Moreover, I think that the question about the first appearance of man is not equivalent to when the genus Homo appears on the scene. Early hominins were lumped into that category rather artificially, so we shouldn’t assume some form is human simply because it’s classified as Homo. We need other criteria for humanity. In terms of the biological and spiritual renovation that lifted these prehuman hominin forms to a fully human status, I assume the evolutionary scenario simply to show that there isn’t any incompatibility between it and the existence of a primordial human pair from whom all humanity is descended. We can identify when in human history this original human pair probably appeared. I argue that Adam is plausibly to be identified as Homo heidelbergensis (Heidelberg man).
Would you say that evolutionary history, up until Adam, was divinely guided or naturalistic?
It’s important to understand that these are not mutually exclusive alternatives. I believe God can have providential control over both human history and evolutionary history without the necessity of miraculous interventions. But I do defend the view that in order to have a human being you need to have the infusion of a rational soul into some preexisting hominin form. What I suggest is that God may have brought about both a biological and spiritual renovation of a hominin form that would make it truly human, biologically capable of sustaining a rational soul.
So, it is possible to have a divinely guided, providentially directed evolutionary process that is purely naturalistic but under God’s sovereignty.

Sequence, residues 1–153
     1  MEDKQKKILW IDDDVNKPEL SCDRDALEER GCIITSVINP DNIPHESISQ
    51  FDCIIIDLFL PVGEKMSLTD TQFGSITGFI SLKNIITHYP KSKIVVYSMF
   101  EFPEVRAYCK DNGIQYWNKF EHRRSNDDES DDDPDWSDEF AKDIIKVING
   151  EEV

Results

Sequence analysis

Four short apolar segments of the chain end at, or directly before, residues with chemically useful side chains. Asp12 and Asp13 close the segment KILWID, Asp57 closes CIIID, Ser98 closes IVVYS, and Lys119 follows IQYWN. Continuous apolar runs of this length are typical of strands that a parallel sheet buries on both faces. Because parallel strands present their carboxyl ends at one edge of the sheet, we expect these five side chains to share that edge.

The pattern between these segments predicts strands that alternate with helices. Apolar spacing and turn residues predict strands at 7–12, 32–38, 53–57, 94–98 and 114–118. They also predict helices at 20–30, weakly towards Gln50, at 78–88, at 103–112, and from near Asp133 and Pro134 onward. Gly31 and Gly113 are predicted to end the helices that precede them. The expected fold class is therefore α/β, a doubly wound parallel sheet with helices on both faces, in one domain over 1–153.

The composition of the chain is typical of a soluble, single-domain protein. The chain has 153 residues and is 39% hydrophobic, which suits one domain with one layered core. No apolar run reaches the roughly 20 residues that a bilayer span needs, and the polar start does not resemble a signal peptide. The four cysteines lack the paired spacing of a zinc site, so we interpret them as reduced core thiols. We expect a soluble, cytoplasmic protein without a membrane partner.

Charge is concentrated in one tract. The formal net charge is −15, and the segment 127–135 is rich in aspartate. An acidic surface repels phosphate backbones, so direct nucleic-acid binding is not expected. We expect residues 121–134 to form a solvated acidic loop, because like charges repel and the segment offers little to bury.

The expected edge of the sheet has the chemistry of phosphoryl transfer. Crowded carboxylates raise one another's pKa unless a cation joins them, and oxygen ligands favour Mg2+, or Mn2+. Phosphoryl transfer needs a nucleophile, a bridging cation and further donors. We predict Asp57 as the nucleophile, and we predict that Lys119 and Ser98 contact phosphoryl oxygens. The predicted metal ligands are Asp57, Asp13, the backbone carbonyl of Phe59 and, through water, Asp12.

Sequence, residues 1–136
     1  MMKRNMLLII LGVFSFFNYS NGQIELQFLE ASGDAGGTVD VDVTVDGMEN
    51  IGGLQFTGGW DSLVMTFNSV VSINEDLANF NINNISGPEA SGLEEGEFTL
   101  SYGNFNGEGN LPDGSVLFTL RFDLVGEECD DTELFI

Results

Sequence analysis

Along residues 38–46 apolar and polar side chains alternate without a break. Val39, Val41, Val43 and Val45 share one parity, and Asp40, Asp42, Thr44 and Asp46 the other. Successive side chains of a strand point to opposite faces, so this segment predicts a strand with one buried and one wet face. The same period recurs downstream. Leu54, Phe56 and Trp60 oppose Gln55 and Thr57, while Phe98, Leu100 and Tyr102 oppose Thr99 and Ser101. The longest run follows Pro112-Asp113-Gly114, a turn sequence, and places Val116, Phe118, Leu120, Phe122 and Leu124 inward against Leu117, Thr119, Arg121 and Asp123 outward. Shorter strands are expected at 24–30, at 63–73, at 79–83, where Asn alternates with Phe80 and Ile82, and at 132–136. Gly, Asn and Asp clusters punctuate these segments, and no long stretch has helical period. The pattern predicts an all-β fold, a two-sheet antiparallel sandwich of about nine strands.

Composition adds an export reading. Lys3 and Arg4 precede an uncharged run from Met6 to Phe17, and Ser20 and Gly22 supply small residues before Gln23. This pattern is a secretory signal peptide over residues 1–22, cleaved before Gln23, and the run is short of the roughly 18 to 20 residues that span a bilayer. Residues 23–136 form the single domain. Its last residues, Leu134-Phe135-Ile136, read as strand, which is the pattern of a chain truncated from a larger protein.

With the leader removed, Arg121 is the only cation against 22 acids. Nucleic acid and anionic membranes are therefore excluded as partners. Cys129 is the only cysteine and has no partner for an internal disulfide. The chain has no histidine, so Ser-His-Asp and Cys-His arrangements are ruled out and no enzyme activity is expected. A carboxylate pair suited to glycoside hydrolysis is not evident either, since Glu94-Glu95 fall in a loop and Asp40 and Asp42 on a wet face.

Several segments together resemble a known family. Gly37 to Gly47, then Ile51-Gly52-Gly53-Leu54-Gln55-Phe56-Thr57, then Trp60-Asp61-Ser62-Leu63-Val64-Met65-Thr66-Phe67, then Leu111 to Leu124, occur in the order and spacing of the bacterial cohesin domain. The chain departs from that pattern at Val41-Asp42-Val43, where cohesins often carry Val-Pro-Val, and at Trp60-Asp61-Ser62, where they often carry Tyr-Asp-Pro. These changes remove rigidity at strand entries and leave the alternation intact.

Did you encounter any surprises during your research?
One big surprise involved changing my mind on an important question. Previously, I had thought that physical mortality was the result of the Fall. But I’m now convinced, based on my reading of Genesis 3, Romans 5, and 1 Corinthians 15, that Adam and Eve were created mortal. That’s why the Tree of Life was necessary in the Garden. They would have naturally died even if they had not fallen.
How do you hope your book will benefit the church?
I recently received a question of the week through our Reasonable Faith website: “Don’t you think that it’s time we denounce the literalistic interpretation of the first 11 chapters of Genesis, because what it’s leaving in its wake is apostasy and faithlessness, and causing people to turn away from Christianity?” It’s my hope that, by showing there is no incompatibility between contemporary evolutionary science and the affirmation of a single human pair at the headwaters of the human race, we can prevent that obstacle to faith.
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439 pp., 32.38